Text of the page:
At his latest restaurant, Texas’s most celebrated Mexican chef teams up with close relations to revisit the street food of his youth.
Thanks to thoughtful experimentation and carefully crafted hybrid dishes, cultural appreciation has become the hallmark of contemporary Texas food.
And yet, after the state’s even more stellar showing in the semifinals, the announcement feels disappointing.
How a few formative years out in the middle of nowhere led Hugo Ortega to places he never imagined.
There are certain dishes that every good Texan knows and loves. But do you really know how to grill a flawless ribeye? Season that cast-iron skillet in your cupboard? Make sure your dough rises? We asked experts around the state to share some how-tos and a few recipes that will
Hugo Ortega of Hugo’s, Backstreet Café and Caracol, in Houston discusses his love for traveling, his James Beard Foundation Award nomination, and his favorite Austin restaurants.
Ortega discusses his personal culinary evolution and seeing the Houston culinary scene transform before his eyes.
Four of the five chefs nominated for Best Chef Southwest hail from Texas.
Hugo Ortega’s new restaurant puts a sophisticated spin on interior-Mexican seafood.
Last Tuesday, the James Beard Foundation announced its list of semifinalists for the 2013 James Beard Awards, a yearly awards ceremony that honors outstanding restaurants, bars, restaurateurs, chefs, pastry chefs, mixologists, sommeliers, and food journalists across the nation.Texas sealed an impressive 25 nominations on the preliminary list, featuring such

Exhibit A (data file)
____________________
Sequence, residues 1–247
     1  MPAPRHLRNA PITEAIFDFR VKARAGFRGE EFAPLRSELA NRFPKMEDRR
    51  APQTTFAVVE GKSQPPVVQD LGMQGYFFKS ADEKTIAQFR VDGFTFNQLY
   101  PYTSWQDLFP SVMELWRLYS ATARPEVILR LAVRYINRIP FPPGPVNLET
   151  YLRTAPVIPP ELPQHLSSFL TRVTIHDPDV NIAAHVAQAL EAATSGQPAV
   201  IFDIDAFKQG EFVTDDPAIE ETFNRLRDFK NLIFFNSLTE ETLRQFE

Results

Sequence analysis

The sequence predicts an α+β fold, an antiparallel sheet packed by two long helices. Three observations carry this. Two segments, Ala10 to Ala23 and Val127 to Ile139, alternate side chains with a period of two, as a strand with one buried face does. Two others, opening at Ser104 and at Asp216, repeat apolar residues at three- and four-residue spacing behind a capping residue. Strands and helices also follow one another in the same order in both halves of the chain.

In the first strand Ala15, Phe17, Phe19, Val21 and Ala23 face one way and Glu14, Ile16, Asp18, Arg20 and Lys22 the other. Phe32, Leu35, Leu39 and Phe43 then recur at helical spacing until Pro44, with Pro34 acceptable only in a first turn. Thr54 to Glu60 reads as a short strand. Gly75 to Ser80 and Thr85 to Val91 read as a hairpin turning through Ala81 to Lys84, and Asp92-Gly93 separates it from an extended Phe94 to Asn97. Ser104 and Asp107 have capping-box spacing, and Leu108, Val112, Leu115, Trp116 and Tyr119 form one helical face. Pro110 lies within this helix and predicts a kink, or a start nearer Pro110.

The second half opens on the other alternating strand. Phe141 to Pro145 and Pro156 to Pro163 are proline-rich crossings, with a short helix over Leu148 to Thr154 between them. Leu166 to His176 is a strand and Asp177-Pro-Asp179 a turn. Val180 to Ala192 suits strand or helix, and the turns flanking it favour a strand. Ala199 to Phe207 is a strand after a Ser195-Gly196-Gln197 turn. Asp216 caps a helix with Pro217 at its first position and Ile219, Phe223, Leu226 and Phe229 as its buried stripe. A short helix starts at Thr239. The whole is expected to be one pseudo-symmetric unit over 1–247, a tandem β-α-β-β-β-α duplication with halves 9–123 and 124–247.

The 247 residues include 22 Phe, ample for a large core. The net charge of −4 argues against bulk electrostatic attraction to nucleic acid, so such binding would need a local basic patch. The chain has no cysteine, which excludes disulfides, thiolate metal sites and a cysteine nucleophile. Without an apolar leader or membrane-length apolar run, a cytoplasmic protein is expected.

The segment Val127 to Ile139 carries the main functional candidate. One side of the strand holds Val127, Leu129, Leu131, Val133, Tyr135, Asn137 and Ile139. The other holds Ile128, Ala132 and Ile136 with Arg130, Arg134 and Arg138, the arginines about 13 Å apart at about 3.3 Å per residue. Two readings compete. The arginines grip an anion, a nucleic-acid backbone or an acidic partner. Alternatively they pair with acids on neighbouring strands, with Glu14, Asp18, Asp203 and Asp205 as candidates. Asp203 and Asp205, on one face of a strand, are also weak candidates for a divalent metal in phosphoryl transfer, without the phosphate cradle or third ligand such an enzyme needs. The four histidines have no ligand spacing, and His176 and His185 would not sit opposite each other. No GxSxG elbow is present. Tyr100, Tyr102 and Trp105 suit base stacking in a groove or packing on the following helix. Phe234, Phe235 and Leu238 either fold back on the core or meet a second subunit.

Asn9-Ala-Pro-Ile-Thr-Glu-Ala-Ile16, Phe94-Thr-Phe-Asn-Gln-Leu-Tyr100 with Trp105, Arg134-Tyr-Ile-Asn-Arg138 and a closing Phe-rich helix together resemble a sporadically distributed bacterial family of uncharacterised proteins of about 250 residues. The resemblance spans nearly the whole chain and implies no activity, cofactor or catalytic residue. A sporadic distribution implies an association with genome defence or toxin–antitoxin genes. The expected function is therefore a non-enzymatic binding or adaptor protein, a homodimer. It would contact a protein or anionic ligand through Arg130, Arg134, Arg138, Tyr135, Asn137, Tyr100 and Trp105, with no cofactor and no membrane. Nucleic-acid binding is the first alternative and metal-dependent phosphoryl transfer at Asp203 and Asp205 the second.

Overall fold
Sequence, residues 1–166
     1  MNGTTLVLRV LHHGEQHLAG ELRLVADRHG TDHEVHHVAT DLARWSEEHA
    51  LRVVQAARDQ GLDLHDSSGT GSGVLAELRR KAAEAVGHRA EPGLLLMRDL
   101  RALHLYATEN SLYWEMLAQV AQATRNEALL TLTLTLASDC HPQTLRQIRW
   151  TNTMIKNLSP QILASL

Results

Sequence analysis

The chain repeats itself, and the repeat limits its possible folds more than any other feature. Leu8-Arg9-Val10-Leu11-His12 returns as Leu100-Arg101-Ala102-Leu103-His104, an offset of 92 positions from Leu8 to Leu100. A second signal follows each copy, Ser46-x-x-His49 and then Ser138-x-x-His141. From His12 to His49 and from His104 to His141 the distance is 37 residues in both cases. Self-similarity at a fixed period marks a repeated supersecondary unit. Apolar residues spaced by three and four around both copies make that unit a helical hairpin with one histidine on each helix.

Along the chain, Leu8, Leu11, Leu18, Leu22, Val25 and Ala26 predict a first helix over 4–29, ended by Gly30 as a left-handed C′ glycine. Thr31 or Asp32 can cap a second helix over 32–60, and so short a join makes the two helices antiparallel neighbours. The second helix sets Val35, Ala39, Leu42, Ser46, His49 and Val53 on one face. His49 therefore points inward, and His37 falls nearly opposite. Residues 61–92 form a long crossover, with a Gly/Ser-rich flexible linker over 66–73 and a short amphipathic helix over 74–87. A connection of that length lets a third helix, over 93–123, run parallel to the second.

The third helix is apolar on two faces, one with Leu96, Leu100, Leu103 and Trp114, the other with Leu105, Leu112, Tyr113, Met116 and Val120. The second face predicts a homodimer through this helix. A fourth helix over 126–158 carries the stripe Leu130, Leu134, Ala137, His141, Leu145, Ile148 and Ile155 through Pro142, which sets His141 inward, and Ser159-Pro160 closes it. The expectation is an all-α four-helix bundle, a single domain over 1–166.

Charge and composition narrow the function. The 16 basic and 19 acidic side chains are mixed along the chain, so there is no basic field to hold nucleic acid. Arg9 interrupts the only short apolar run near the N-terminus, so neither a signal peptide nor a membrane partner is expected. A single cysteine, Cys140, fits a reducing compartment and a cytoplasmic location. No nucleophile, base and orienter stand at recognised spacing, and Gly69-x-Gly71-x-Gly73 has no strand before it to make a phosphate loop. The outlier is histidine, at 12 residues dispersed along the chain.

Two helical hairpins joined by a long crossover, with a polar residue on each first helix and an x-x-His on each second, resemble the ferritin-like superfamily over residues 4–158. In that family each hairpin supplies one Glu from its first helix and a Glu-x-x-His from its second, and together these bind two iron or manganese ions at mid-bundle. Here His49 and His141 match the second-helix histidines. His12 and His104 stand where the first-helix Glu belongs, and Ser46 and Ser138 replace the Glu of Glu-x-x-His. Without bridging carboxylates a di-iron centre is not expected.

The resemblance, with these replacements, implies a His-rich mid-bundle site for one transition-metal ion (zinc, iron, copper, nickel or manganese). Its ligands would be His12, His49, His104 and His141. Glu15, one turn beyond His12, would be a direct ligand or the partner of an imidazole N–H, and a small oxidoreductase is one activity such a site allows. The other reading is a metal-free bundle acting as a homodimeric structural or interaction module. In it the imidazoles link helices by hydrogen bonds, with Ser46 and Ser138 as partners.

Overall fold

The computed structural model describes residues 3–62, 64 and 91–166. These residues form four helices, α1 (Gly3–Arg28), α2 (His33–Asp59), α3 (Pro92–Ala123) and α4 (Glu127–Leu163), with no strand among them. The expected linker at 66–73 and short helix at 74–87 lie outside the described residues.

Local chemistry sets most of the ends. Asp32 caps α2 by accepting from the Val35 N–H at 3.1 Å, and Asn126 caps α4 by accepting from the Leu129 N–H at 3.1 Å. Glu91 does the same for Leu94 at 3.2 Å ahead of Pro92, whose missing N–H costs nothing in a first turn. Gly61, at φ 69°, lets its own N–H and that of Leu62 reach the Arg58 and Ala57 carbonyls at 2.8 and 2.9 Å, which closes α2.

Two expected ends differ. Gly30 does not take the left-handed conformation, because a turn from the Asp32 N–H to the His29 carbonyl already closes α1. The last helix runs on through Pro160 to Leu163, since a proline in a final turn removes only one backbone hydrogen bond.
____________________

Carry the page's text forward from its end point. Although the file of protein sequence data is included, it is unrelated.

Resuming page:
Fish tacos, the way Houston chef Hugo Ortega makes them.
On Friday, Pat Sharpe wrote about Hugo Ortega’s new cookbook “Hugo Ortega’s Street Food of Mexico,” which will be featured at the Texas Book Festival this Saturday and Sunday (October 27-28) in Austin. To give
Exciting news for all the Houston foodies out there: the city is hosting a myriad of chef-organized, chef-led culinary tours in 2013. The “Where the Chefs Eat” Houston Culinary Tours started in 2010 as a means of teaching diners about the Houston food scene and all its intricacies and diversities. Proceeds from the tours benefit
When Hugo Ortega was a small boy shining shoes and selling freshly made flan in the marketplace in Mexico City, no doubt it never crossed his mind that one day he would be teaching Americans to cook the foods of his homeland. But that was a long time ago, and
From October 27-28, the Texas Book Festival will take place at the State Capitol in Austin. A number of talented, award-winning culinary authors will be attending the literary gathering, including Naomi Duguid – contributing editor of Saveur magazine and author of
Cool off with this recipe from Hugo Ortega’s Street Food of Mexico cookbook.
In this exclusive excerpt from his forthcoming cookbook, Hugo Ortega shares the secrets of the humble dishes of his homeland.
The James Beard Awards—which are “the Oscars of the culinary industry,” as has been said ad infinitum but which also happens to be true—happen tonight in New York starting at 5 Central time (6 Eastern). The best restaurants and chefs in the country—determined by a vote of chefs and
Texas Captures Four of Six Slots in the James Beard Awards’ Southwest Finals, and a Houston Columnist Gets a Nod, Too
Well, finally! For once, Texas didn’t get skunked by Las Vegas in the finals for the James Beard Awards. Our chefs captured four of the six finalist slots in the category Best Chef: Southwest. And in addition, Houston Chronicle columnist and blogger Alison Cook, who writes Cook’s Tour, made the